This site uses cookies. By continuing to use this site you agree to our use of cookies. To find out more, see our Privacy and Cookies policy.
Skip to the content

Share this

Free weekly newswire

Sign up to receive all our latest news direct to your inbox.

Physics on film

100 Second Science Your scientific questions answered simply by specialists in less than 100 seconds.

Watch now

Bright Recruits

At all stages of your career – whether you're an undergraduate, graduate, researcher or industry professional – can help find the job for you.

Find your perfect job

Physics connect

Are you looking for a supplier? Physics Connect lists thousands of scientific companies, businesses, non-profit organizations, institutions and experts worldwide.

Start your search today


Physics World Special Report: India

By Michael Banks

Physics World Special Report India 2014

This year has been one of change for India. In May, some 800 million eligible voters went to the polls in an election that was won by the Bhartiya Janata Party. Led by Narendra Modi, the party went on to form a coalition government called the National Democratic Alliance.

Our Special Report, which you can read free online, kicks off by looking at how science is faring under Modi’s fledgling administration. Indeed, in September, Modi was personally on hand at the Indian Space Research Organisation (ISRO) to laud engineers who had just carefully manoeuvred the Mars Orbiter Mission into position around the red planet – a feat that announced India as a major player in space exploration.

Modi’s personal interest in ISRO will not only please the organization’s chairman K Radhakrishnan, who we interview for the report, but could also be seen as a sign that the new administration is serious about boosting science in the country.

Yet for all the success this year, challenges still remain. Our report also takes a look at India’s education system, which continues to support its top research institutes but leaves lower-tier universities well behind, as well as how more could be done to boost science communication and international collaboration.

I hope you find this special report stimulating and please do let us have your comments by e-mailing or leaving your remarks below.

Here is a rundown of what is in the 2014 India special report.

New government promises science fillip – After India elected a new prime minister this year, Pallava Bagla looks at how science will fare under the administration of Narendra Modi.

Exploring the cosmos – K Radhakrishnan, chairman of the Indian Space Research Organisation, outlines bold plans to send a manned mission into space.

Educating India – State universities are losing out to India’s world-leading research institutes when it comes to funding and attracting the best researchers, as T V Padma finds out.

Enthusing the masses – Kanchan Chowdhury, physics curator of the National Council of Science Museums, discusses how to boost science communication In India.

Going global – India has contributed to a host of experiments at CERN and Fermilab, but challenges remain to develop the technical skills needed to build its own collider, as T V Padma reports.

This special report is published by Physics World – the member magazine of the Institute of Physics (IOP) that appears 12 times a year. If you’d like to read Physics World each month, you can do so via the digital version of the magazine or via the Physics World app, available from the App Store and Google Play. If you’re not yet in the IOP, you can join as an IOPimember for just £15, €20 or $25 a year to get a full 12 months’ access to Physics World both online and through the apps.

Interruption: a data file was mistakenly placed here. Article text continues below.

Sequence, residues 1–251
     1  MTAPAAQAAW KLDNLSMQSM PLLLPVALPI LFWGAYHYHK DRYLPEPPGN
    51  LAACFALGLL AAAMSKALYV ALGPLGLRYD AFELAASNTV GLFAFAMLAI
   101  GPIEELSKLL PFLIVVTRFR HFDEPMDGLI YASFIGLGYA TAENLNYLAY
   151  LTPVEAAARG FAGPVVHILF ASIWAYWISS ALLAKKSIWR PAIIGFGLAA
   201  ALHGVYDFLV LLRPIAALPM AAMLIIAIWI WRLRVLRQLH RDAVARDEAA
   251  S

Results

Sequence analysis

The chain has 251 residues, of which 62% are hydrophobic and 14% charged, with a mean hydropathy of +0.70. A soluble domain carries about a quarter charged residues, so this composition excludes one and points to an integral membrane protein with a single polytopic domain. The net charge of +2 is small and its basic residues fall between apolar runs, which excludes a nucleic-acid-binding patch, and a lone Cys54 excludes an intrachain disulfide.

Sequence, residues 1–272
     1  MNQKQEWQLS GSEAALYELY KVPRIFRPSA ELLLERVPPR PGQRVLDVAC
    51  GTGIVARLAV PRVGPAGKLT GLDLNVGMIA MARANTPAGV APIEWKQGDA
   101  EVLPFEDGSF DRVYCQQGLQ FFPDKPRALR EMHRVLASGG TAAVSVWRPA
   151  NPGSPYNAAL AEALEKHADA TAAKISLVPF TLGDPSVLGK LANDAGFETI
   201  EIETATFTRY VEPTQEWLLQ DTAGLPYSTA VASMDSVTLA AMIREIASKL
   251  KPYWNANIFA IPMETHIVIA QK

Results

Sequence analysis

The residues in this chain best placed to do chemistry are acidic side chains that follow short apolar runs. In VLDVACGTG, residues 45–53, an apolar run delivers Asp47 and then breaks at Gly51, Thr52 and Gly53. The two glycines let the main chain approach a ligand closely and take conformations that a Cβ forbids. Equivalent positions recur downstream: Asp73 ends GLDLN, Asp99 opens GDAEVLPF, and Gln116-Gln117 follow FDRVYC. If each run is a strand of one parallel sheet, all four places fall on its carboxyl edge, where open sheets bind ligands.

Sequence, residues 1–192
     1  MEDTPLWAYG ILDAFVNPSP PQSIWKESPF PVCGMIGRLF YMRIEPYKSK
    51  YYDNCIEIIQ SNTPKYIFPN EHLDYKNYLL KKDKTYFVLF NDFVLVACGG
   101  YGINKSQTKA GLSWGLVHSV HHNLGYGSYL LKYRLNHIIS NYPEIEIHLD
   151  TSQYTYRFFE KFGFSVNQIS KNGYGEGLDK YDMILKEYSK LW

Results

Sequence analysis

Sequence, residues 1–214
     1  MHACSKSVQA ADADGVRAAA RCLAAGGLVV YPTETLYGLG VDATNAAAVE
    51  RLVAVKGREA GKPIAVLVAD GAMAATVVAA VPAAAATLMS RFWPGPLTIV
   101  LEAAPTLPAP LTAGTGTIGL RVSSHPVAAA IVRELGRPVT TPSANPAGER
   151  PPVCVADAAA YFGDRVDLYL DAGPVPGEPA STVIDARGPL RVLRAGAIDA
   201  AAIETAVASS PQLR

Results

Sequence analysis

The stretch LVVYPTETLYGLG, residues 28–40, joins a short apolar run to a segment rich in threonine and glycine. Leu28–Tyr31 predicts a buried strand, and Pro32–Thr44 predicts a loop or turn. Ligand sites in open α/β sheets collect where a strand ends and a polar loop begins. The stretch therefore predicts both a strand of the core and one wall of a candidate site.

This entry was posted in General and tagged , , , , . Bookmark the permalink.
View all posts by this author  | View this author's profile


  1. M. Asghar

    Apart from the well-run space-agency and its achievements, most of India’s scientific institutions like its overall infrastructure, are just in an early fledging state compared to China that has already well-funded and well-run scientific organisations along with a highly uptodate infrastruture system plus China has just become the ppp-normalised
    first economic power in the world – all of this achieved in a one generation!

  2. Trackback: Physics Viewpoint | Physics World Special Report: India

  3. Gonzalo Prado Amado

    Congratulationns to India


  • Comments should be relevant to the article and not be used to promote your own work, products or services.
  • Please keep your comments brief (we recommend a maximum of 250 words).
  • We reserve the right to remove excessively long, inappropriate or offensive entries.

Show/hide formatting guidelines

Tag Description Example Output
<a> Hyperlink <a href="">google</a> google
<abbr> Abbreviation <abbr title="World Health Organisation" >WHO</abbr> WHO
<acronym> Acronym <acronym title="as soon as possible">ASAP</acronym> ASAP
<b> Bold <b>Some text</b> Some text
<blockquote> Quoted from another source <blockquote cite="">IOP</blockquote>
<cite> Cite <cite>Diagram 1</cite> Diagram 1
<del> Deleted text From this line<del datetime="2012-12-17"> this text was deleted</del> From this line this text was deleted
<em> Emphasized text In this line<em> this text was emphasised</em> In this line this text was emphasised
<i> Italic <i>Some text</i> Some text
<q> Quotation WWF goal is to build a future <q cite="">
where people live in harmony with nature and animals</q>
WWF goal is to build a future
where people live in harmony with nature and animals
<strike> Strike text <strike>Some text</strike> Some text
<strong> Stronger emphasis of text <strong>Some text</strong> Some text